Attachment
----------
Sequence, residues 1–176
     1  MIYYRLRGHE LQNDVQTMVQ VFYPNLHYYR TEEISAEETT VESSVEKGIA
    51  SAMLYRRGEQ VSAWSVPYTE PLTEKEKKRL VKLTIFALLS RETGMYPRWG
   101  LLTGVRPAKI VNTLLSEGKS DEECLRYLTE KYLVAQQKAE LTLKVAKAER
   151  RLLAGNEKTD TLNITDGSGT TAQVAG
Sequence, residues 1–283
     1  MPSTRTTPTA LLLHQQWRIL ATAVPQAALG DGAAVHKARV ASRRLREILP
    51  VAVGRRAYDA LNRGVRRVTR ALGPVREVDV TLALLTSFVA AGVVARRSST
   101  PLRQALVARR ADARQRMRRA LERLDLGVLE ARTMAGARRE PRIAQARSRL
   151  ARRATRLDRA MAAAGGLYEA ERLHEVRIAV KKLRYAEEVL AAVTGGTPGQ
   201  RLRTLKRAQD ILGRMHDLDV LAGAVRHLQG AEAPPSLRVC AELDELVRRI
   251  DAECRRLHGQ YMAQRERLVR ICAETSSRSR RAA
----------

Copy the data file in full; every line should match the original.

Sequence, residues 1–176
     1  MIYYRLRGHE LQNDVQTMVQ VFYPNLHYYR TEEISAEETT VESSVEKGIA
    51  SAMLYRRGEQ VSAWSVPYTE PLTEKEKKRL VKLTIFALLS RETGMYPRWG
   101  LLTGVRPAKI VNTLLSEGKS DEECLRYLTE KYLVAQQKAE LTLKVAKAER
   151  RLLAGNEKTD TLNITDGSGT TAQVAG
Sequence, residues 1–283
     1  MPSTRTTPTA LLLHQQWRIL ATAVPQAALG DGAAVHKARV ASRRLREILP
    51  VAVGRRAYDA LNRGVRRVTR ALGPVREVDV TLALLTSFVA AGVVARRSST
   101  PLRQALVARR ADARQRMRRA LERLDLGVLE ARTMAGARRE PRIAQARSRL
   151  ARRATRLDRA MAAAGGLYEA ERLHEVRIAV KKLRYAEEVL AAVTGGTPGQ
   201  RLRTLKRAQD ILGRMHDLDV LAGAVRHLQG AEAPPSLRVC AELDELVRRI
   251  DAECRRLHGQ YMAQRERLVR ICAETSSRSR RAA